Lack of political will undermines states’ pension compliance
… as Lagos, Kaduna, FCT lead in full compliance
The lack of political will on the part of many state executives and the inability of citizens to hold leaders accountable for their promises have been identified as key reasons for poor compliance of many state governments to the country’s Contributory Pension Scheme (CPS).
These account for why only two states in the country – Lagos and Kaduna, and the Federal Capital Territory (FCT) out of the 36 states – could be said to have fully complied with the Pension Reform Act 2004, as amended in 2014.
Contributory Pension Scheme (CPS) is an arrangement where both the employer and the employee contribute a portion of an employee’s monthly emolument towards the payment of the employee’s pension at retirement.
The main objective of the Pension Reform, which brought the CPS, is to ensure that every person that worked in either the public or private sectors in Nigeria, including the self-employed persons, receives his/her retirement benefits as and when due. The minimum rate of contribution is 18 percent of the employee’s monthly emoluments, where 10 percent is contributed by the employer and 8 percent by the employee.
However, the employer may decide to bear the full responsibility of the contribution provided it is not less than 18 percent of the monthly emolument of the employee.
According to the figures released by the National Pension Commission (PenCom) on state compliance level for the period ended February 2020, Lagos, Kaduna and the FCT have fully complied with the scheme. These are in terms of pension remittance, monthly payment of pensions as well as provision of group life assurance for their employees.
The data from PenCom further show that Delta and Osun states are paying their monthly pensions to retirees, but yet to include group life cover, while Edo has complied with instituting group life cover for Edo workers.
The Act stipulates that every employer, to which this applies, must maintain a life assurance policy in favour of the employee for a minimum of three times the annual total emolument of the employee. Under the policy, total annual emolument is defined as the basic salary, transport and housing allowances and shall not include bonuses, overtime, directors’ fees or other fluctuating emoluments.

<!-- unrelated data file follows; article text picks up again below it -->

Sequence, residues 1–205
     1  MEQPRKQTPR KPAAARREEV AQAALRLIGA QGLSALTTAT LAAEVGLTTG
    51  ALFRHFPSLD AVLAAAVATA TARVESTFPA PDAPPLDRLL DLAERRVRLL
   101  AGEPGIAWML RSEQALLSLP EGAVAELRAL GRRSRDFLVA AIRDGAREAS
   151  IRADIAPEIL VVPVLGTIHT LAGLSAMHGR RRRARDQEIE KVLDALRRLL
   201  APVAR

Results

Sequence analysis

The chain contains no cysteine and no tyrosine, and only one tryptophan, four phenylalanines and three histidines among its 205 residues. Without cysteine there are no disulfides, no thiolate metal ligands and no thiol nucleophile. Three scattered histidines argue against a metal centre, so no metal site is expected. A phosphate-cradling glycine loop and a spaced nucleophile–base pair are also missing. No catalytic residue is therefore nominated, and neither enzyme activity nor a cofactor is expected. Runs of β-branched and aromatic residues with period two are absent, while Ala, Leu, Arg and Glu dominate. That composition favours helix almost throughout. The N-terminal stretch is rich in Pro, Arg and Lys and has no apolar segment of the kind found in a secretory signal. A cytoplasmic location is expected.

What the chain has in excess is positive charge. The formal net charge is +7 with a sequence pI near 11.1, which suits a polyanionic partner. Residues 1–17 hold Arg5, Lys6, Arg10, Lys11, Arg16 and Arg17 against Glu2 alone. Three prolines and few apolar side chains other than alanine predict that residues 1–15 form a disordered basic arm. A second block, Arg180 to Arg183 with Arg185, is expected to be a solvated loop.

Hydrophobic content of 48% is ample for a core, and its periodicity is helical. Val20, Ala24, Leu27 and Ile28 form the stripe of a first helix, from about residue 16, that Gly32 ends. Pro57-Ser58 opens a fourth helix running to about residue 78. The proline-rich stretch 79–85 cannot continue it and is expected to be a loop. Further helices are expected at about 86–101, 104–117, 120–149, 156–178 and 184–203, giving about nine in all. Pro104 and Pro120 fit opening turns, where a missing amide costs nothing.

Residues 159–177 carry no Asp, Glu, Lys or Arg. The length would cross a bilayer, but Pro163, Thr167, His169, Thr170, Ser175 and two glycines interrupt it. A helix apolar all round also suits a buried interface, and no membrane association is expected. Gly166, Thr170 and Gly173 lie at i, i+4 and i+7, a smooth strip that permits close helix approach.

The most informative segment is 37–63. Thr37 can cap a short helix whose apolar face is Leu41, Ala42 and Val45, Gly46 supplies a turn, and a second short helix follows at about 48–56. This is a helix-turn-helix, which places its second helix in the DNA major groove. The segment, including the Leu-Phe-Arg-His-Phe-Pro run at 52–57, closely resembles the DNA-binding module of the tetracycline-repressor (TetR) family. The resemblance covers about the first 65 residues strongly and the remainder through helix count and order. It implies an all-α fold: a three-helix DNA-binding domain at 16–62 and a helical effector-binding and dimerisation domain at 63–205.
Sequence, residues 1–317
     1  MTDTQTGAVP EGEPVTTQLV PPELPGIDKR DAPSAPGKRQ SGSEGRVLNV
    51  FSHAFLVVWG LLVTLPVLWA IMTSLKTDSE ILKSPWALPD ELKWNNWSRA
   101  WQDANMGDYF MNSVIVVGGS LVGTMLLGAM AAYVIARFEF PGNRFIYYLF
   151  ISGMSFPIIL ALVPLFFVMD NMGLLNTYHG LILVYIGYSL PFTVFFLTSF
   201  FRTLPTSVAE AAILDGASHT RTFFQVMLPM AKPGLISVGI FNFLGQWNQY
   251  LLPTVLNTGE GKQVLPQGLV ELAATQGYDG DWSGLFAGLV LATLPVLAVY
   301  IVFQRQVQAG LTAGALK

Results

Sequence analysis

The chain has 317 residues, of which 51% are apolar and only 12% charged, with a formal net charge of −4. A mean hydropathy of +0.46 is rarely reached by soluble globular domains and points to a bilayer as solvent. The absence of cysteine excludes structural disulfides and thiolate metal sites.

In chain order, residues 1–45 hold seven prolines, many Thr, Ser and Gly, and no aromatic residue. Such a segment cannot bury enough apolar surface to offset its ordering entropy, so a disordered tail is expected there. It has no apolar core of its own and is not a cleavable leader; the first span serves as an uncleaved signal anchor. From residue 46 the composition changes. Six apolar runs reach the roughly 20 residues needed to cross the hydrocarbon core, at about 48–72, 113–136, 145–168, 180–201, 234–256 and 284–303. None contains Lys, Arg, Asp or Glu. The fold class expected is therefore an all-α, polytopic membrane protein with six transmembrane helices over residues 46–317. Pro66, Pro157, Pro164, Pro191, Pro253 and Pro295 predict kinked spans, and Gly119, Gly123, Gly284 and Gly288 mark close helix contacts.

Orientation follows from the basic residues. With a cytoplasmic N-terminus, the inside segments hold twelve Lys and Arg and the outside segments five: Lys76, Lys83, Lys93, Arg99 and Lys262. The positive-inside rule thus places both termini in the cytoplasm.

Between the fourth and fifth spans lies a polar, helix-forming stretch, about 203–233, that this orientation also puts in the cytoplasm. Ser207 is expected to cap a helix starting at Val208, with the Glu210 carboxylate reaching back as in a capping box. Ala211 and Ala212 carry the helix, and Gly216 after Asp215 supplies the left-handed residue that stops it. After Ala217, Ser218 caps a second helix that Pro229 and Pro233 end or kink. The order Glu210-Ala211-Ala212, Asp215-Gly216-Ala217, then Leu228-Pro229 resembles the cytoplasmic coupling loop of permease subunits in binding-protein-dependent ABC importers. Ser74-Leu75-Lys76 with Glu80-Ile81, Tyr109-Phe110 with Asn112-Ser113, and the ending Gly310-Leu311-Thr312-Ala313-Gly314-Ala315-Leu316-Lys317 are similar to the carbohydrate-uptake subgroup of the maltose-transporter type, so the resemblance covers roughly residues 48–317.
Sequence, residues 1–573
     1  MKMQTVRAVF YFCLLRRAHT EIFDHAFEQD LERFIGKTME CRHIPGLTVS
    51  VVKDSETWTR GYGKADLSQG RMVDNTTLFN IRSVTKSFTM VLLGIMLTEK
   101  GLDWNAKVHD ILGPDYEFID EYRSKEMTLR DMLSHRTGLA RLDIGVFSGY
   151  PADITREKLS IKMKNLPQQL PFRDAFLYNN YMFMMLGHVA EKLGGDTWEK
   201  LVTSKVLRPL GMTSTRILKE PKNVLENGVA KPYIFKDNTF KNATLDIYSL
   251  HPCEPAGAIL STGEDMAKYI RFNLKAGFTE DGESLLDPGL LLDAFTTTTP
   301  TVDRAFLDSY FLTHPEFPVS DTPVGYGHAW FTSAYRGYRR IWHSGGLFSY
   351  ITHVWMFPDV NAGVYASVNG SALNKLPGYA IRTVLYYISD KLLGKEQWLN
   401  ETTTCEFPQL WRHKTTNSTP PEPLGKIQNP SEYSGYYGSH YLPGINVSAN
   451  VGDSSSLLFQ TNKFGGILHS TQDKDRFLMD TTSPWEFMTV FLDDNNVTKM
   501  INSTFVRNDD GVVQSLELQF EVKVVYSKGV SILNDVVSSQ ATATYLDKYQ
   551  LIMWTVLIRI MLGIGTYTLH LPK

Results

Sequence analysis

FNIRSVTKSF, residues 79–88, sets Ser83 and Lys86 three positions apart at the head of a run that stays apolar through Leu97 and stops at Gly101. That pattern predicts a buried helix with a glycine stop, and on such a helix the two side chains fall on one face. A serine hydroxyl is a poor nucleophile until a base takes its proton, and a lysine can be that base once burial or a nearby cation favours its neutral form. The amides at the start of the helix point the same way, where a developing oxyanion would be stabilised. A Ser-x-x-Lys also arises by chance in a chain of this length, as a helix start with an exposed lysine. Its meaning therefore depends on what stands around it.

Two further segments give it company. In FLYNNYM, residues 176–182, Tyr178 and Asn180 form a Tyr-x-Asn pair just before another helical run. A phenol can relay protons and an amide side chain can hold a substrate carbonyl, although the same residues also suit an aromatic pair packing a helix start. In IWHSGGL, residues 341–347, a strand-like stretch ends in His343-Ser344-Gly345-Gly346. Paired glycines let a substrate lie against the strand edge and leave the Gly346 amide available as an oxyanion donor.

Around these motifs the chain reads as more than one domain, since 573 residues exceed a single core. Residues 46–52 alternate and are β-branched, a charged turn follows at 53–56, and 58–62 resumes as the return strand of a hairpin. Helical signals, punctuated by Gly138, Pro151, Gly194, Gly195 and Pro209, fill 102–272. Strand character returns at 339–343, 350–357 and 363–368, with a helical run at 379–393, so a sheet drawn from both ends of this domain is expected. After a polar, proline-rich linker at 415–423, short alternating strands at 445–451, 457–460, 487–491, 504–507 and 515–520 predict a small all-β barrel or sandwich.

Meanwhile, apart from Lagos, Kaduna and FCT, other states like Ondo, Edo, Anambra, Ekiti, Osun, and Delta are remitting employer-employee contributions to their Pension Fund Custodians.
Rivers and Kebbi are at the moment only remitting employee’s portion of the contribution.
As at the end of February 2020 also, 25 states including the FCT have enacted the pension laws, while seven others were still at Bills stage.
Chief executive officer of one of the PFAs, who does not want his name mentioned, says, “We are doing all we can to encourage states to key into the scheme, but unfortunately a lot of the governors don’t want to compromise their luxury and comfort.”
According to the CEO, another reason is that citizens have glued themselves to whatever governments give to them, without the willing power to demand for their rights.
Dan Ndackson, head, States Operations Department of PenCom, had said during an interview that in adopting the CPS, challenges come from two angles – one is from the executives of the states and the second is from the labour unions.
According to Ndackson, the challenges that come from labour are as a result of ignorance because it is co-employee scheme, which guarantees the employee the likelihood of him getting something at retirement much more than the old scheme. “So, even though the scheme has some challenges in some states, I link it to the ignorance of them not understanding the benefits of the scheme,” he said.
Ndackson noted that the greatest challenges that this scheme faces are those that come from the chief executives of the states.
“The truth is that, any state government that adopts the scheme makes a sacrifice. What sacrifice does that government make? The money that ordinarily some could have used for some other things, including wrong uses, have to be paid religiously on a monthly basis. Not so many chief executives are comfortable with that.
“This therefore is one important index to measure a governor or state government that is forward looking and interested in the welfare of its citizens. In this case, not only has the governor made sacrifice to use tax payers money judiciously, he has shifted away from the norm of public sector wastages that see chief executives on that capacity living luxury life and extravagance on public funds, when there are pressing needs in their states,” the PenCom official had said.